The Financial Reporting Council has updated the UK Corporate Governance Code. Just as some charities are complaining about the extra disclosures required by the new Sorp, it is worth remembering that this is merely part of an overall push towards greater transparency in all corporate reporting - indeed, some charities already choose to follow the corporate code requirements. The new requirements will enhance the quality of information provided about the long-term health and strategy of listed companies, and about risk management.
The code requires boards to include a "viability statement" in their strategic reports to investors. In other parts of the not-for-profit sector - housing, for example - viability is a centrepiece of regulatory oversight, and it is noteworthy that the Charity Commission reviewed charities with net current liabilities over the summer.
The code has also been changed in relation to remuneration. Boards of listed companies will now need to ensure that executive remuneration is designed to promote the long-term success of the company and show more clearly to shareholders how this is being achieved. This link between remuneration and an organisation's success is rarely addressed in the charity sector - but, with the recent focus on high salaries, this is something charities should consider more often.
Since 1 September, firms involved in some types of theatre productions can claim £2 of tax deduction for every £1 spent on certain costs, and any resultant tax losses can be converted into the payment of a 25 per cent or 20 per cent tax credit.
On the face of it, a relief that works primarily by increasing tax-deductible costs does not appear to be aimed at the charity sector, where the income would be exempt from tax. But theatre productions are sometimes run by charities through commercial subsidiaries, perhaps to help limit any potential loss. In such cases, charities should make sure they do not miss out. In principle, if such a loss is incurred, a tax-credit payment should be available. As ever, this is more complicated than it appears and a number of other tax and legal issues would need to be considered.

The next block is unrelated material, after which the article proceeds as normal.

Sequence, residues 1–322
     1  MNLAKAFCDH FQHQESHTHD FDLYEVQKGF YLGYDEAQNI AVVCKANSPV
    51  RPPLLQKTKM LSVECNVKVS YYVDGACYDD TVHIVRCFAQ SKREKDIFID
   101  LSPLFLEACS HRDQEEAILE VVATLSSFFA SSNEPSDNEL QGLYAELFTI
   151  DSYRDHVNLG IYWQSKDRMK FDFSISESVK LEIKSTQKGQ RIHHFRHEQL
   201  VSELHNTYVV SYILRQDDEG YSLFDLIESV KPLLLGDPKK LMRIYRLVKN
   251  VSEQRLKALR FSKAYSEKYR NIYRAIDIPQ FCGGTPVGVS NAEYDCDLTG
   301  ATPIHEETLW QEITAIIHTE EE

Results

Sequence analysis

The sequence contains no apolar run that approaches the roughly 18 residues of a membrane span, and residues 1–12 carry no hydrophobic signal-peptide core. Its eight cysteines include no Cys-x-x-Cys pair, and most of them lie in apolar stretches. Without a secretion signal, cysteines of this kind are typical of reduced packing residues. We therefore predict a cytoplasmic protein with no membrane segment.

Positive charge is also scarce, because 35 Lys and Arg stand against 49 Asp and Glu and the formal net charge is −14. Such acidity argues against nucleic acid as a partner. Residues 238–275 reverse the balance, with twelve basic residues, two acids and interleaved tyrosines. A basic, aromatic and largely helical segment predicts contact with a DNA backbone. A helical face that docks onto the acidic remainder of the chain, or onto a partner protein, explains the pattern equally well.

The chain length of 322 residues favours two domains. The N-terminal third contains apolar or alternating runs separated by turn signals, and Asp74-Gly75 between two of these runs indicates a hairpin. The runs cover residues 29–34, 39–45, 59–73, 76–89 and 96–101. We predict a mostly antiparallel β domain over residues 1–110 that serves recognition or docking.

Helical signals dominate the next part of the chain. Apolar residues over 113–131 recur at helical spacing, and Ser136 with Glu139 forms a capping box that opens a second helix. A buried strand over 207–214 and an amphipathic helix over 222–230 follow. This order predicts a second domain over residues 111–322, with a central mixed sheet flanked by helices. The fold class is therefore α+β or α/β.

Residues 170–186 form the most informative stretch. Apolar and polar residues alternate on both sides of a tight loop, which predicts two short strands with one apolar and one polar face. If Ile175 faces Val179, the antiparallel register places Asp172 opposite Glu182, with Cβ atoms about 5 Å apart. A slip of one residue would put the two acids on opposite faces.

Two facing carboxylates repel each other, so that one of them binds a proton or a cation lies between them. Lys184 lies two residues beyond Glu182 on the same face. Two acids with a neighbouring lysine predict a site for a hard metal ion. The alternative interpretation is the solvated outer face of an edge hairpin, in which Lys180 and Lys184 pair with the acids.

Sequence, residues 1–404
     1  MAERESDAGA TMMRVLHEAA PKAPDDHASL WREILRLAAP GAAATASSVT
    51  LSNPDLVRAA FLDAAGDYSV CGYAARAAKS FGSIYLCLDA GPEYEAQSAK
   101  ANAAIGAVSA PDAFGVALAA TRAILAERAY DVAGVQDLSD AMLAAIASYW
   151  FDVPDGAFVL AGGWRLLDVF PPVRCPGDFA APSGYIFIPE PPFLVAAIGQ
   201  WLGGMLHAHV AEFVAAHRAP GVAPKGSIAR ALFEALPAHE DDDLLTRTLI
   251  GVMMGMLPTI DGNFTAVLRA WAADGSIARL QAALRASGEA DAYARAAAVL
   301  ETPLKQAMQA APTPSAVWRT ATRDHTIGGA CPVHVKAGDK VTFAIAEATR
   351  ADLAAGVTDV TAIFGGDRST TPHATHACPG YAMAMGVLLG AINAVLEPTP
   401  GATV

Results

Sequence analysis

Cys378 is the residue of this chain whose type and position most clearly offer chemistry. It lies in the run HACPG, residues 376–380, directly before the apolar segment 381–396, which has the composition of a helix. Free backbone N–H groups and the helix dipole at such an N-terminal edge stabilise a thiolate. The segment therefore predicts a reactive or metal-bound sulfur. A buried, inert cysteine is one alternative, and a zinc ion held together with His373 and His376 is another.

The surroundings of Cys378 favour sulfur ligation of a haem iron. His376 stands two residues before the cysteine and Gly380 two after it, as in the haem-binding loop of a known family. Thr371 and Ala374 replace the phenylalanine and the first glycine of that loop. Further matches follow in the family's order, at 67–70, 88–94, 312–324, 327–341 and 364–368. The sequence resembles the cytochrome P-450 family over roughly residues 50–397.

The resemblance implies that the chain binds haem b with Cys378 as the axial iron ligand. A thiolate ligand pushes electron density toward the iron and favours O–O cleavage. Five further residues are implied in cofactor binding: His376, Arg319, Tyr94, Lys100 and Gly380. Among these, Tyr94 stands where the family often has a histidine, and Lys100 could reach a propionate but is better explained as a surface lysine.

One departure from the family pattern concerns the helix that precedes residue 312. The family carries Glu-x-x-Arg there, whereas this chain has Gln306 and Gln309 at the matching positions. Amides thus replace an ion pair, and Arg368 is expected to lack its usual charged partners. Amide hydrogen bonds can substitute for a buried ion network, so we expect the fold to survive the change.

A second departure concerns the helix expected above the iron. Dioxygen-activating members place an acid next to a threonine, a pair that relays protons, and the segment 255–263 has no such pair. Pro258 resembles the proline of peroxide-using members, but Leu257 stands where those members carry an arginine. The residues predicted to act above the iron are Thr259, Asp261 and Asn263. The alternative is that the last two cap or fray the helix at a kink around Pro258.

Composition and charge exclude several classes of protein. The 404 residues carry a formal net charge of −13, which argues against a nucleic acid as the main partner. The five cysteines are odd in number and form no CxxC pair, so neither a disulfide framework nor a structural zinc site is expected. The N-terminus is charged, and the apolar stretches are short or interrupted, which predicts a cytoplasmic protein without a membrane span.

The University of Huddersfield has been at the centre of a long-running VAT case concerning the abuse-of-rights argument previously determined in the widely known Halifax case. In 1995, the university decided to refurbish a derelict mill for use as a university building. It entered into a lease and leaseback arrangement with an unconnected trust. Both entities opted to tax, which enabled the university to deduct the input tax on the redevelopment up front, with output tax subsequently due on the rent payable under the lease. At this stage, therefore, the scheme gave a cash-flow rather than a net-tax advantage. The leases were collapsed in 2004.
In 2000, HM Revenue & Customs disallowed the input tax in an attempt at an abuse-of-rights argument. The case has been on tour ever since, and the upper tribunal has now confirmed that the transaction was indeed abusive. This means that the leaseback transaction is erased in its entirety, so the input tax on the mill is treated as residual and not fully recoverable.
The scheme used by the university has long since been overridden by legislation, but is indicative of how other schemes could be treated. It is also interesting to hear that there might well be further arguments still to be made in this case, so it is not closed. It serves as a reminder that artificial schemes intended to save charities from VAT are unlikely to work.
Don Bawtree is lead partner for charities at accountants BDO LLP